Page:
The flexibility and scalability of our technology make it possible to incorporate into a wide variety of diverse applications.

Methanol Compared with Other Fuels, and Its Route to Carbon Recycle

1. Carbon Dioxide to Methanol Conversion, "Supply and Demand Circle" for Methanol Fuel:

Global Heating Technologies AG (GHT) has successfully demonstrated a method for converting carbon dioxide (CO2) to methanol, and continues scale-up. The organocatalysis chemistry results in conversion of CO2 gas to methanol under mild conditions: Laboratory measurements demonstrate an estimated 90% conversion of CO2 to methanol at room temperature, under normal atmospheric pressure within a period of 24 hours. Accelerating the conversion rate is an area of development of this process. Nevertheless, a protocol we used demonstrated up to 28% total volumetric utilization of reactants for synthesizing methanol. GHT is also investigating hydrogen promoted catalysis for this kind of process.

We are excited by contemplating site identification for plant scale demonstration of the system, and particularly because by methanol production the technology provides carbon mitigation without sequestration, as well a direct supply of fuel for our company's flameless catalytic heaters. Running on methanol, GHT's heaters produce no NOx, SOx, CO, or heavy metals exhaust. Their only organic byproduct is CO2, and taking this again to produce more methanol is a transition beyond carbon sequestration to carbon recycle.

2. Why GHT's technology business position is potent:

  • Company's diverse suite of intellectual property for flameless catalytic heaters using methanol, ethanol or hydrogen as fuel is dominant, with no known competitors.
  • GHT's products and systems are fully up/down scalable.
  • Company is thus uniquely capable of creating mass-scale demand for methanol as fuel for heating habitable spaces, clothing, foods, vehicles, and in numerous other applications such as industrial processes, examples below.

    3. GHT's flameless catalytic methanol processes compared with combustion fuels.

  • GHT secured exclusive rights to a proprietary flameless oxidation catalyst operating in a temperature range under 400°C. This is well below the 1500°C temperature area conducive to NOx formation. NO2, one of the "greenhouse gases," is credited with a Radiative Forcing factor yielding an equivalent CO2 rating of the order of 10% (UNEP/GRID-Arendal).
  • Using methanol to fuel in GHT's heating process will also eliminate sulfur emissions, including the greenhouse gas sulfur hexafluoride.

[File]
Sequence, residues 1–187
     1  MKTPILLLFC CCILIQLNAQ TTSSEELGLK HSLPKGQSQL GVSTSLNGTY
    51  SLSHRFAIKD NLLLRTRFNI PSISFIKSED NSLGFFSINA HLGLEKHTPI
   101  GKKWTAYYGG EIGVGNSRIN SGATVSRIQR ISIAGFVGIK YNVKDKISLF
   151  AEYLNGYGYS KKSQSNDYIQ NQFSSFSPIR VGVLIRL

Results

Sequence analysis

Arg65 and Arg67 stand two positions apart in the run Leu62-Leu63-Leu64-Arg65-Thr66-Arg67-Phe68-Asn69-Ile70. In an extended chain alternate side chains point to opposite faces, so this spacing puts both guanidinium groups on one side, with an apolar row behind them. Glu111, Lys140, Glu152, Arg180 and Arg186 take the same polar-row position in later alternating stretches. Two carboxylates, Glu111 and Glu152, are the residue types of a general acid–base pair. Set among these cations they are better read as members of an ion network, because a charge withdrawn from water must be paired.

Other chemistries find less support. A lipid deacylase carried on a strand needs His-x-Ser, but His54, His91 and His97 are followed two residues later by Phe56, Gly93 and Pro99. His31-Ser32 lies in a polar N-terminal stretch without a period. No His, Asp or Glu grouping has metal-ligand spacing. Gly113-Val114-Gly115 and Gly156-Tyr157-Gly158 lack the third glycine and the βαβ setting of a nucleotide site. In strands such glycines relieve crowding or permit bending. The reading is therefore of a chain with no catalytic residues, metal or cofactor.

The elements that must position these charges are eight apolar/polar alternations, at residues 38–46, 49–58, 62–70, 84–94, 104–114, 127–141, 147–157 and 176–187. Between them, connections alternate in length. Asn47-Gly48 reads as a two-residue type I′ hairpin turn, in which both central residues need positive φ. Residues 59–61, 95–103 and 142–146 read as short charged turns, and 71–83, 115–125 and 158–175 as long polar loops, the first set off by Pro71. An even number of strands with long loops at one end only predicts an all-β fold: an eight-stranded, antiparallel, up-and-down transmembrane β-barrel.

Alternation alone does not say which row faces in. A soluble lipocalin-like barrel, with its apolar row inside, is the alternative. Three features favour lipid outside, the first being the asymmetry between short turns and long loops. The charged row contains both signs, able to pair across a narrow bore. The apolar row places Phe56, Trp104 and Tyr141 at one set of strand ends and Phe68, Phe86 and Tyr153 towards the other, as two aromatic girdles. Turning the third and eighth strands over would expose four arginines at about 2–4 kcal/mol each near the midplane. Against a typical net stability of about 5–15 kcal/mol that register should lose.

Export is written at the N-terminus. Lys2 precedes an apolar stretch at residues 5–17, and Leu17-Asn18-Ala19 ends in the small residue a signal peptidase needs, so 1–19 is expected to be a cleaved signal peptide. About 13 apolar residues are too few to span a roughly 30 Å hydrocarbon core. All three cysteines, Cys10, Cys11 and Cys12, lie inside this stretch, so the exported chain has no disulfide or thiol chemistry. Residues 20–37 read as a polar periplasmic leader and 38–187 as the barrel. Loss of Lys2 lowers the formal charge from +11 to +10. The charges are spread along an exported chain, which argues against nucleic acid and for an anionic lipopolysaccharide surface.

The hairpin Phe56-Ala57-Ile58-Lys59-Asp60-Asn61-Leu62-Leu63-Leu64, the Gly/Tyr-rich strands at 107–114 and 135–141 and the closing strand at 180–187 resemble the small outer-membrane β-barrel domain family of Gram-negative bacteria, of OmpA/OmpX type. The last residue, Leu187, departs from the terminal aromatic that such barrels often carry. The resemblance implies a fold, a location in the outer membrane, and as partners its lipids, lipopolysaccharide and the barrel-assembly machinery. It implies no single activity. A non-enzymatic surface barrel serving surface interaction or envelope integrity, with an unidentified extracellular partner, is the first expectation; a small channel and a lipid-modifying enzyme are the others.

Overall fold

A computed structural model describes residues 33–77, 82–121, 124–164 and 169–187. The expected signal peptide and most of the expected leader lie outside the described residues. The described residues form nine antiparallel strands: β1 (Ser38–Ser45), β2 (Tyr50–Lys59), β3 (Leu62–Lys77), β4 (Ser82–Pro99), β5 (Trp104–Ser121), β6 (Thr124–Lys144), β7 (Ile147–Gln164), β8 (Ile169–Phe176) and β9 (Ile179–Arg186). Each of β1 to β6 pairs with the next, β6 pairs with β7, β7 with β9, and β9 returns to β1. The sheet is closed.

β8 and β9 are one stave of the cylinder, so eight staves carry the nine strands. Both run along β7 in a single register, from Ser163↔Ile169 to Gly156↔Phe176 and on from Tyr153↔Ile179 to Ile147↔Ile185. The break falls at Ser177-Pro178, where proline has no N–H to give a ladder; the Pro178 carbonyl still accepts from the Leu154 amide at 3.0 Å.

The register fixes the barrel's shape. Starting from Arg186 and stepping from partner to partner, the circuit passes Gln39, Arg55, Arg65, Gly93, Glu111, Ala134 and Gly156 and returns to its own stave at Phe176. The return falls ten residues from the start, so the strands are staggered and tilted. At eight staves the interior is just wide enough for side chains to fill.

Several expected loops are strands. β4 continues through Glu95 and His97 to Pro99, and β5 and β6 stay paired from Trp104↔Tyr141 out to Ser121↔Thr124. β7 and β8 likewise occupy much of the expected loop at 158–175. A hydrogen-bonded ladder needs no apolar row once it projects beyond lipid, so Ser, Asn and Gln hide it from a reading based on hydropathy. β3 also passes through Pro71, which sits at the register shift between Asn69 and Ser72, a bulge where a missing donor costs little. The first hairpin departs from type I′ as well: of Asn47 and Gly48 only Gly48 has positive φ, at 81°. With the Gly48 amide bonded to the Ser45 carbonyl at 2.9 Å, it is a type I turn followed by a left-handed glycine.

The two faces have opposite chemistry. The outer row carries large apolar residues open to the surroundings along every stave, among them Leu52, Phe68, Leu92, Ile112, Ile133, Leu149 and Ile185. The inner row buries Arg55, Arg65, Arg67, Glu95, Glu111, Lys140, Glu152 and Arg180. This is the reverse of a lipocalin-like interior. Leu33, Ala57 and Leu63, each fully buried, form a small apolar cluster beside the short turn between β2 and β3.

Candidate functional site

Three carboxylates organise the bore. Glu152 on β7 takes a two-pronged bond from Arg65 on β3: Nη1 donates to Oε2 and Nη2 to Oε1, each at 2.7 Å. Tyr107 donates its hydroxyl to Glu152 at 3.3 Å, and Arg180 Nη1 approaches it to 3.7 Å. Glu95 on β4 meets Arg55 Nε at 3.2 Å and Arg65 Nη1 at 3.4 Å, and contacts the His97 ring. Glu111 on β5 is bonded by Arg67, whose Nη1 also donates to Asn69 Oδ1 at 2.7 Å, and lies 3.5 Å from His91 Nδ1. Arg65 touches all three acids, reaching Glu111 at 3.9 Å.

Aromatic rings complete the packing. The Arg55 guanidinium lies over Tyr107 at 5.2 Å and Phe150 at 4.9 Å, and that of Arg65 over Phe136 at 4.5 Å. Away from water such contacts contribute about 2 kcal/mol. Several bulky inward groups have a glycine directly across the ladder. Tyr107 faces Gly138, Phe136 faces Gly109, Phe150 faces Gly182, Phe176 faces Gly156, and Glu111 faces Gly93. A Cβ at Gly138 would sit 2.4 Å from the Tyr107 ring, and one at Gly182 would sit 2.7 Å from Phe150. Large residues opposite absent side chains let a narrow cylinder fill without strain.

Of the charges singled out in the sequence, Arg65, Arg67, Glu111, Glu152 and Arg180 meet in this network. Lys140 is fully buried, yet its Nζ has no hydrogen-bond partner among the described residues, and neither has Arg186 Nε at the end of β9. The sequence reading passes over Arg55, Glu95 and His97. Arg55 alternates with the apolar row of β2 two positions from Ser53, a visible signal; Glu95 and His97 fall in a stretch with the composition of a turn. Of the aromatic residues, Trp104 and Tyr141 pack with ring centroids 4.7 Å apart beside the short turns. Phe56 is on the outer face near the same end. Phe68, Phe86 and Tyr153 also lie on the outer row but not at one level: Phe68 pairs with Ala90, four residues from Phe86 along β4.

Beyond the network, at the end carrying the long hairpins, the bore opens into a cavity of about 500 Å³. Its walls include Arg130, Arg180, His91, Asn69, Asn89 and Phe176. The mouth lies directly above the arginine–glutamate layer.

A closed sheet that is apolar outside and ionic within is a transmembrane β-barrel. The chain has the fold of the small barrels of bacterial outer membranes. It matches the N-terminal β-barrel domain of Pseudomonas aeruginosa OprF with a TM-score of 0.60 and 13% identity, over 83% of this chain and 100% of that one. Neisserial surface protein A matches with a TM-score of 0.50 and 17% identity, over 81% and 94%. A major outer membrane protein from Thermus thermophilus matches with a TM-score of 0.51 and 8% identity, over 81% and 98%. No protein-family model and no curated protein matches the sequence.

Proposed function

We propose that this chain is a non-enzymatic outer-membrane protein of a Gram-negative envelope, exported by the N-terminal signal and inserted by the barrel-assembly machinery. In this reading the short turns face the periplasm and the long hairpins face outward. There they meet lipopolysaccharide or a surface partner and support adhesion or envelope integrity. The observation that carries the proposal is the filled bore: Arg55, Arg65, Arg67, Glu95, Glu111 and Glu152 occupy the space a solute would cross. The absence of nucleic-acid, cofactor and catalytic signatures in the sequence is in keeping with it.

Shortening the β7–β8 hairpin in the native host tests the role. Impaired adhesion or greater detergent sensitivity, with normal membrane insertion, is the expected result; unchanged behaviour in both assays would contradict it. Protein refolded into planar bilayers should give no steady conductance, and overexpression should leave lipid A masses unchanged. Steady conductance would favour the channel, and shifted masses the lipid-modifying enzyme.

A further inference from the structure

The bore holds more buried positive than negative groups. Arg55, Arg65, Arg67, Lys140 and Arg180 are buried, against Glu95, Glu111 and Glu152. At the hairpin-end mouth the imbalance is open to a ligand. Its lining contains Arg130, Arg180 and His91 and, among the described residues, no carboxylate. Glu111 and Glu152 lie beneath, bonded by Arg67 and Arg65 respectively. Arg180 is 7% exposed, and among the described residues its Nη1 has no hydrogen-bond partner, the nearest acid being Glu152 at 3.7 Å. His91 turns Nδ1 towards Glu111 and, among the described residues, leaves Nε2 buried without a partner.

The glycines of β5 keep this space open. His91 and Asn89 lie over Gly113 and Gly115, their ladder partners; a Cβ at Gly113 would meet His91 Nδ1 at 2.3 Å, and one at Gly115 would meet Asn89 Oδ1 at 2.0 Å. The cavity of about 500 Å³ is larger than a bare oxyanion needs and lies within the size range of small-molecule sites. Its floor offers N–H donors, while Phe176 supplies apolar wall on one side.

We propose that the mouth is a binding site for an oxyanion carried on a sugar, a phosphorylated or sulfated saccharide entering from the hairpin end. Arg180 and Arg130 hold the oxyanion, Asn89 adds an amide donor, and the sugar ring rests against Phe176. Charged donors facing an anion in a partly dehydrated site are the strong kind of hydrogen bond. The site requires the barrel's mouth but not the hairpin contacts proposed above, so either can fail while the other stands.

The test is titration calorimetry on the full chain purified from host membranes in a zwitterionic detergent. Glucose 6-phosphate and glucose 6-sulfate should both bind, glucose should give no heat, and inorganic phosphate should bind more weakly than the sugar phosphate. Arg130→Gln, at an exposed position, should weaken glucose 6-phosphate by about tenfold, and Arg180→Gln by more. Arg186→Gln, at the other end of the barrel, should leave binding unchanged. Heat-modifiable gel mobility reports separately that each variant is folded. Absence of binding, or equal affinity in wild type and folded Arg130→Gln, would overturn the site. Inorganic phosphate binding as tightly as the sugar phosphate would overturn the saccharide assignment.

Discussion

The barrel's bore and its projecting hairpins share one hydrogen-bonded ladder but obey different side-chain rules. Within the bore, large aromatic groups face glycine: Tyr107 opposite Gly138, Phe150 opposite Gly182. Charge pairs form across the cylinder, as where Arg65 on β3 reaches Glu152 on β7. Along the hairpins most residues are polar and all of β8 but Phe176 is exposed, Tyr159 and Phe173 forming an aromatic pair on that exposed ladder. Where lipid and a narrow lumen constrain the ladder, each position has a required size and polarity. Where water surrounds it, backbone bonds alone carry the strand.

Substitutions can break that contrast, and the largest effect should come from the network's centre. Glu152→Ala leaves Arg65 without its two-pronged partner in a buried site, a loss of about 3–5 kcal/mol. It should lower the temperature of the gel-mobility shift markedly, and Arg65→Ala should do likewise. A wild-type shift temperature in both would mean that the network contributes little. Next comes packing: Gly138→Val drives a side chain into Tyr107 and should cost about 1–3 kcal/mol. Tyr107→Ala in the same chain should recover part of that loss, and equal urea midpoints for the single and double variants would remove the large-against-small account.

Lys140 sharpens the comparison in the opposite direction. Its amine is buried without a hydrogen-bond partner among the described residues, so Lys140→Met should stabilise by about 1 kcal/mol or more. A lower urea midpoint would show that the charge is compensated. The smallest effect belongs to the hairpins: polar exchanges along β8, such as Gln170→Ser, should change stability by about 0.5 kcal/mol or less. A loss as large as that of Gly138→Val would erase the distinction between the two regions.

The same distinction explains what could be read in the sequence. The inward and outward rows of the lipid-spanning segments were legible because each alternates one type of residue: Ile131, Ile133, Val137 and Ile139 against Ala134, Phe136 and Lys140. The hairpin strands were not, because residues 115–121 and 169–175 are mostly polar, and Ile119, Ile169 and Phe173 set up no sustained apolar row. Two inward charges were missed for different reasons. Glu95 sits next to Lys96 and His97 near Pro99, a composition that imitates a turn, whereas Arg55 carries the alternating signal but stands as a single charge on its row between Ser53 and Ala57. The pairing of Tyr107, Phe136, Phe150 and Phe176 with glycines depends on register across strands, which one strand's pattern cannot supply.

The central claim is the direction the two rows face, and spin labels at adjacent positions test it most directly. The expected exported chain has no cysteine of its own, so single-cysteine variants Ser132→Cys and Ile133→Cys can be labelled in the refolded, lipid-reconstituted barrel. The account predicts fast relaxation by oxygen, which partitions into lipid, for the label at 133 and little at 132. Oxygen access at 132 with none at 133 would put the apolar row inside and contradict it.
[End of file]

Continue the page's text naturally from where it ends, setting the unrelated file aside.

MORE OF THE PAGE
• By reforming to methanol the CO2 in off-gas from the operation of its heaters, GHT constructs a "supply and demand circle" for this fuel. Reforming 100% of the CO2 is not necessary for generating serious market impact.
  • GHT's heaters are also uniquely suited to integration with direct methanol electric fuel cells, increasing their efficiency by maintaining proper temperature at substantially lower cost, and utilizing the same fuel.

    In addition to the above listed products, there will be industrial fuel demand for the methanol so produced, such as fully carbon neutral or carbon recycling electric generating stations. GHT heating technology is ideally suited to driving Carnot Cycle electric generators, which utilize relatively low temperature working fluids, and whose energy efficiency can greatly exceed that of fired steam cycle generators; thus requiring less energy in their operation, to yield additional carbon mitigation. Kalina and Rankine cycle generators are available today and ready for integration on any scale with GHT's heaters to drive them. They can achieve carbon neutrality or recycle while, unlike geothermal energy systems, require no expensive fixed infrastructure and can even be truck mounted.

    Another industrial example—GE has recognized the utility of methanol as a gas turbine fuel: "Methanol is an attractive future fuel for stationary gas turbine engines. Tests have shown that, with minor system modifications, methanol is a readily fired and is fully feasible as a gas turbine fuel. Relative to natural gas and distillate, methanol can achieve an improved heat rate, higher power output due to the higher mass flow, and lower NOx emissions due to the lower flame temperature [Note: GHT's system is flameless, designable to yet lower temperature]. Since methanol contains no sulfur, there are no SO2 emissions. The clean burning characteristics of methanol are expected to lead to clean turbine components and lower maintenance than with distillate fuel." (GE White Paper)